The immunopathology caused by schistosome helminths varies greatly in humans and among mouse strains. A severe form of parasite egg-induced hepatic granulomatous inflammation, seen in CBA mice, is driven by Th17 cells stimulated by IL-1β and IL-23 produced by dendritic cells that express CD209a (SIGNR5), a C-type lectin receptor (CLR) related to human DC-SIGN. Here, we show that CD209a-deficient CBA mice display decreased Th17 responses and are protected from severe immunopathology. In vitro, CD209a augments the egg-induced IL-1β and IL-23 production initiated by the related CLRs Dectin-2 and Mincle. While Dectin-2 and Mincle trigger an FcRγ-dependent signaling cascade that involves the tyrosine kinase Syk and the trimolecular Card9-Bcl10-Malt1 complex, CD209a promotes the sustained activation of Raf-1. Our findings demonstrate that CD209a drives severe Th17 cell-mediated immunopathology in a helminthic disease based on synergy between DC-SIGN- and Dectin-2-related CLRs. Kalantari et al. demonstrate the role of CD209a (SIGNR5) in the development of Th17 cell-mediated immunopathology in murine schistosomiasis. CD209a drives proinflammatory cytokine production in synergy with Dectin-2 and Mincle, each acting via distinct signaling pathways. These findings denote C-type lectin receptor cross talk resulting in severe helminthic disease.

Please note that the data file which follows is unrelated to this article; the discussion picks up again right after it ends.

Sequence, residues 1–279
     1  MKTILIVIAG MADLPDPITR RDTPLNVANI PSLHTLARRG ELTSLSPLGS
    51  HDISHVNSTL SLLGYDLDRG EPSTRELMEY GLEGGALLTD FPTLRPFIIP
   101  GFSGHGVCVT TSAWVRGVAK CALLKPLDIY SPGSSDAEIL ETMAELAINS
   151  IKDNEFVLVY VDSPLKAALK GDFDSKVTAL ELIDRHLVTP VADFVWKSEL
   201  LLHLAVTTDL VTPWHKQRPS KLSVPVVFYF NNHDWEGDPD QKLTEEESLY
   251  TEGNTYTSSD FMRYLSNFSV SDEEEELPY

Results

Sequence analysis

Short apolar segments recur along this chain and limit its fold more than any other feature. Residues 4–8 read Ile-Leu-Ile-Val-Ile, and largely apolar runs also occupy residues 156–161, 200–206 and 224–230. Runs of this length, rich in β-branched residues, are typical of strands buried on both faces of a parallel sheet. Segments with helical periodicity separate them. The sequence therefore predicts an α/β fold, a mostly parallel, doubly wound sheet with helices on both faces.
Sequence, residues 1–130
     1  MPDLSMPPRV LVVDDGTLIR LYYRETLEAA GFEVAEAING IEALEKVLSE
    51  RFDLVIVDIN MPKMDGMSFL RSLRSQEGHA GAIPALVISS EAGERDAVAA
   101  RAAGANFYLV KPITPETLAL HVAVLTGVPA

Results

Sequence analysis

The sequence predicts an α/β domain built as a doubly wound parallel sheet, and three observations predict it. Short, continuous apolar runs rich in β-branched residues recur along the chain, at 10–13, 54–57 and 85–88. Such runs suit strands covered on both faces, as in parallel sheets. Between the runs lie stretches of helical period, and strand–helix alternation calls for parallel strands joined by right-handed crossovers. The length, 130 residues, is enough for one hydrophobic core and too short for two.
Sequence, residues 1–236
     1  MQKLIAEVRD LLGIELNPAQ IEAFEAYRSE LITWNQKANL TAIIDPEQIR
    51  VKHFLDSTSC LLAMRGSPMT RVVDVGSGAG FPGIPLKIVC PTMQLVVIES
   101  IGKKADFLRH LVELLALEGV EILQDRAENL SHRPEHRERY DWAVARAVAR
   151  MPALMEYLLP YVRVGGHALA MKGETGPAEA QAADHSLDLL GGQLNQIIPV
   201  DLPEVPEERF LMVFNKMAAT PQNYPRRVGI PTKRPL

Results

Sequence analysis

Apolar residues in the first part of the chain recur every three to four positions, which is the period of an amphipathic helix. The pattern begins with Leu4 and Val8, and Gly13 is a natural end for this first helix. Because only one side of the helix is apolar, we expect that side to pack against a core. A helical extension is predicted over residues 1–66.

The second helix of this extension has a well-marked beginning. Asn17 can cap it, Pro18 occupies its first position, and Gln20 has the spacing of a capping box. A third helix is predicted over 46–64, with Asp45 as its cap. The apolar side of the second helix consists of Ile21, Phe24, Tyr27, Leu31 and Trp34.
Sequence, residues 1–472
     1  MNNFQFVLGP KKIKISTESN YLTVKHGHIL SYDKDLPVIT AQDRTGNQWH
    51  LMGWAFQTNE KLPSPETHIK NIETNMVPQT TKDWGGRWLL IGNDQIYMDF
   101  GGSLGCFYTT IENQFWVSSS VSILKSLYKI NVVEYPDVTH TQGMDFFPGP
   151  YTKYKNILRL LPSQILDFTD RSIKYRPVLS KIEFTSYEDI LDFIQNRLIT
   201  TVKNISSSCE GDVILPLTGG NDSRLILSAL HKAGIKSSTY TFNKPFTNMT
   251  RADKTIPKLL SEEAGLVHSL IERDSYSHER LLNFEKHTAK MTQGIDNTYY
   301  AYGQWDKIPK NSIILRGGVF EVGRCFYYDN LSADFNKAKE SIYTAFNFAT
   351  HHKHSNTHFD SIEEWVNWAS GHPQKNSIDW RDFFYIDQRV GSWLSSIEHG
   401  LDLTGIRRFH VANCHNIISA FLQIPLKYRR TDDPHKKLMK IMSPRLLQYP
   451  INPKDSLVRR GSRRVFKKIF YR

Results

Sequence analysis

|Original language||English (US)|
|Number of pages||13|
|State||Published - Jan 30 2018|
All Science Journal Classification (ASJC) codes
- Biochemistry, Genetics and Molecular Biology(all)